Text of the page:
“Meraki” is a term Greeks use to describe doing something with soul, creativity, and love. It entails putting a little of yourself into whatever you do, and that’s precisely what owner Alex Karavias did with Meraki Greek Bistro (142 SE First Ave., Miami; 786-773-1535), which debuted several months ago. It’s always been his dream to open an authentic Greek restaurant, so he and his wife renovated an intimate space in an alley hidden in downtown Miami.
“We want people to come here on any random day and be able to find exactly what they would in Greece,” says Karavias, who was born in Greece. The restaurant’s executive chef, Giannis Kotsos, is also a Greek native and helmed the kitchen at the now-defunct Kouzina in midtown. Prior to coming to Miami, the toque owned and operated eateries in his homeland for more than 20 years. His dishes are rooted in traditional Hellenic cuisine, and the accompanying wine list is also predominantly Greek.
Karavias believes Greek culture and cuisine are all about inclusivity, which is why main courses at Meraki don’t exceed $17. The atmosphere is casual, with the requisite white-and-Aegean-blue decor and a charming taverna-style patio in an alleyway lined with other intimate eateries. A bonus is that Meraki offers three hours of parking at the adjacent Miami Tower for only $1.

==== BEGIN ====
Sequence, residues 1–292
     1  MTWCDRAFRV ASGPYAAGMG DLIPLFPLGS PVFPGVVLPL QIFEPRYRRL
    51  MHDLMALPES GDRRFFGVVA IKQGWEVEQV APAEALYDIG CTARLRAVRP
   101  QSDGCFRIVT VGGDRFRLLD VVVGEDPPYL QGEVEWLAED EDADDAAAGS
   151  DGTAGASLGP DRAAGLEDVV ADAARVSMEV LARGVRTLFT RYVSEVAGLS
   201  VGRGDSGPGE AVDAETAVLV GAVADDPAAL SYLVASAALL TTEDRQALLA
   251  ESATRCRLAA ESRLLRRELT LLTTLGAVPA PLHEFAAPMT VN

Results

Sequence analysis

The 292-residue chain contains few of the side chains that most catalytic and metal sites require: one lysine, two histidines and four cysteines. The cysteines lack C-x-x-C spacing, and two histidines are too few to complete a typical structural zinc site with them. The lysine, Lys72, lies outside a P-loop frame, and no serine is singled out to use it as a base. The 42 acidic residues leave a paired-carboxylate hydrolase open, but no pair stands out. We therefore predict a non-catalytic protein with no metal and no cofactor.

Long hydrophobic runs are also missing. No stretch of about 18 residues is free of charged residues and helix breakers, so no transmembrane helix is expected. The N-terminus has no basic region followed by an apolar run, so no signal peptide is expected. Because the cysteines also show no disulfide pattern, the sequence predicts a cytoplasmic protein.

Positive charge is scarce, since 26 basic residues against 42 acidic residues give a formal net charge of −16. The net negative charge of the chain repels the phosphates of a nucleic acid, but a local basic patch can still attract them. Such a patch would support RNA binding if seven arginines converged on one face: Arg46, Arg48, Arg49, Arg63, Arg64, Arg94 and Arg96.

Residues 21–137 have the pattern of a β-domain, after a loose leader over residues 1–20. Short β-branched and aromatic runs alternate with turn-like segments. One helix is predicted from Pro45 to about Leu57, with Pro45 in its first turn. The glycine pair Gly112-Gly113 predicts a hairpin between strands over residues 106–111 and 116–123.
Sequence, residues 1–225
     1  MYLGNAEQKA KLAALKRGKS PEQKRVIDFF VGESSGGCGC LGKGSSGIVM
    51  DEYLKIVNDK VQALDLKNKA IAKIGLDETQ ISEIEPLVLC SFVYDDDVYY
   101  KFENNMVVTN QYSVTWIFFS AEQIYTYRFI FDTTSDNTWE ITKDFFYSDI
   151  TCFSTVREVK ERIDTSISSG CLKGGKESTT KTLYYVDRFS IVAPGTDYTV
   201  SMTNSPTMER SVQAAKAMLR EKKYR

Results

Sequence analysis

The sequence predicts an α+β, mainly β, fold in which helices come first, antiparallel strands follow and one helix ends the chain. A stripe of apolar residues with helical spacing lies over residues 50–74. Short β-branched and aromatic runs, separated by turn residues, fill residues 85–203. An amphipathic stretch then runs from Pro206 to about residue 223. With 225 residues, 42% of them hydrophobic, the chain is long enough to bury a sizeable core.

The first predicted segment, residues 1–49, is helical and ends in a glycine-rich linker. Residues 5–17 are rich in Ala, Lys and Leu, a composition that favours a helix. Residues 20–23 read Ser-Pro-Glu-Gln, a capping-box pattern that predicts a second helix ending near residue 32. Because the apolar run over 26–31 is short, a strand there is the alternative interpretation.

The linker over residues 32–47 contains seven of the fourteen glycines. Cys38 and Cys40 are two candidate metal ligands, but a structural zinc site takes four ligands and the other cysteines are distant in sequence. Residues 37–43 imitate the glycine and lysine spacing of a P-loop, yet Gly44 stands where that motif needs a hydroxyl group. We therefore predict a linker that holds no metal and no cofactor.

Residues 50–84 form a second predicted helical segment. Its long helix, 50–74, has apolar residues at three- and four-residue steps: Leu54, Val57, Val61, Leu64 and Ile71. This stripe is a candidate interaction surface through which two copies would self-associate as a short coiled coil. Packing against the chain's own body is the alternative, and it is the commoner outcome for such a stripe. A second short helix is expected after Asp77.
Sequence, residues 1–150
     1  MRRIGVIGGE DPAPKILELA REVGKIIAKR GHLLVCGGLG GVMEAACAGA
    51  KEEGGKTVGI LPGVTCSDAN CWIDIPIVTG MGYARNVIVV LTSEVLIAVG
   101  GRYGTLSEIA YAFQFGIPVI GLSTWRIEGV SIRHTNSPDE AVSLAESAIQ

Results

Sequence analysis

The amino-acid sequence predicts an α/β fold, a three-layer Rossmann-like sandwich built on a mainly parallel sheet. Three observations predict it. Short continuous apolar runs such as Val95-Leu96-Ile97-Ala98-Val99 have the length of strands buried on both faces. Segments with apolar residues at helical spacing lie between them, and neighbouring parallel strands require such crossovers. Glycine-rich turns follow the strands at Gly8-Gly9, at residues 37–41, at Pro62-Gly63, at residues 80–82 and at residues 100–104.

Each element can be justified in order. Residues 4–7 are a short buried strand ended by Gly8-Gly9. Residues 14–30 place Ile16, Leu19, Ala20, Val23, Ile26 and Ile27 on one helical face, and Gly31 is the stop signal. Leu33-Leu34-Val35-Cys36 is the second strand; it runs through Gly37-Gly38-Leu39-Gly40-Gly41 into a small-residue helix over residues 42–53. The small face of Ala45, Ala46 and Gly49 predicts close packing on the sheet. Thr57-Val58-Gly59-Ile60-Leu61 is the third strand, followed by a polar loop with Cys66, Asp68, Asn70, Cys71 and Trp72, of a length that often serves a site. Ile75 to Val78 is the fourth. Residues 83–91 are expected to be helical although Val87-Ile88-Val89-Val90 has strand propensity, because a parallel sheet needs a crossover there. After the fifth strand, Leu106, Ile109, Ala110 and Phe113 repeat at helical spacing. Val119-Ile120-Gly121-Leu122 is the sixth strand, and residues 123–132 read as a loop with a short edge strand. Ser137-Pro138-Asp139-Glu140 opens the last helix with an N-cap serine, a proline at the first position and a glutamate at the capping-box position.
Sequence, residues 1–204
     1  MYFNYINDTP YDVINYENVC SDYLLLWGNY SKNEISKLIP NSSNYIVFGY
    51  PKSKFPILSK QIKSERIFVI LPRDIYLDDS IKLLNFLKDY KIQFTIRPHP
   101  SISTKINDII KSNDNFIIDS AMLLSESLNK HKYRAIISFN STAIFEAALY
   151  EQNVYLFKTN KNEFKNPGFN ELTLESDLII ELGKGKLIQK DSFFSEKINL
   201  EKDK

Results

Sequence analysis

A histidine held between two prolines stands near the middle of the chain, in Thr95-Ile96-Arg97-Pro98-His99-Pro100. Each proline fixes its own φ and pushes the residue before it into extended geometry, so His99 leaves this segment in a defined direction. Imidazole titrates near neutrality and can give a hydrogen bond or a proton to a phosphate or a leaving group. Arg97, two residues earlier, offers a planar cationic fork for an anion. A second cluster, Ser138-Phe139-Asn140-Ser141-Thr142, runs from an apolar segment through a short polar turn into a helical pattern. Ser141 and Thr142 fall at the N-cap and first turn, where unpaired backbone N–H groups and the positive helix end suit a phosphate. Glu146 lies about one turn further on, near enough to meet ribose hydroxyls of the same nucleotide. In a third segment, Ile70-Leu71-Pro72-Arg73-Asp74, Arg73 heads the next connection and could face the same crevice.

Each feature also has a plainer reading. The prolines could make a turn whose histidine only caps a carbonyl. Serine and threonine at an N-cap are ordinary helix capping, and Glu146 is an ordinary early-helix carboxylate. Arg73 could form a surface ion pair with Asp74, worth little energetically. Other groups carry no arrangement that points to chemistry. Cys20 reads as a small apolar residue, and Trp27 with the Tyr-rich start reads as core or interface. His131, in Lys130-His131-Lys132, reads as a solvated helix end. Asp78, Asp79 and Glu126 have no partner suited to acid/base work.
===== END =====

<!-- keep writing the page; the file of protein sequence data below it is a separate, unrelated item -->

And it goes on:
New Times recently sampled a few dishes.
Cheese sakanaki ($7.99) is a staple of Greek cuisine, and it’s no wonder it’s one of the most popular items at Meraki. The flambéed Gruyere cheese is truly mouthwatering.
While pregnant, Karavias’ wife was craving nachos and ventured to make her own version with ingredients from the couple’s fridge. The Greek “nachos” ($4.99) consist of crisp pita triangles topped with cherry tomatoes, cucumber, kalamata olives, dill, and a creamy yogurt-feta sauce that’s utterly delicious. Meraki’s iteration of the famous appetizer is considerably lighter and healthier. It’s kind of like a Greek salad, but the pita and feta sauce make this starter even more exciting.
The souvlaki platter ($34.99) is something to behold. The main can easily feed four or five hungry people and features three types of meat on skewers: lamb, chicken, and pork. Some of the chicken is wrapped with bacon for an extra kick. There’s also plenty of grilled and fresh vegetables, house-made Greek fries seasoned with salt and oregano, pita, and two dipping sauces. One is a classic tzatziki and the second is a richer, mayonnaise- based sauce. This sizable dish is the restaurant’s signature, and it’s sure to please any meat lover.
Meraki Greek Bistro is open daily for lunch and dinner.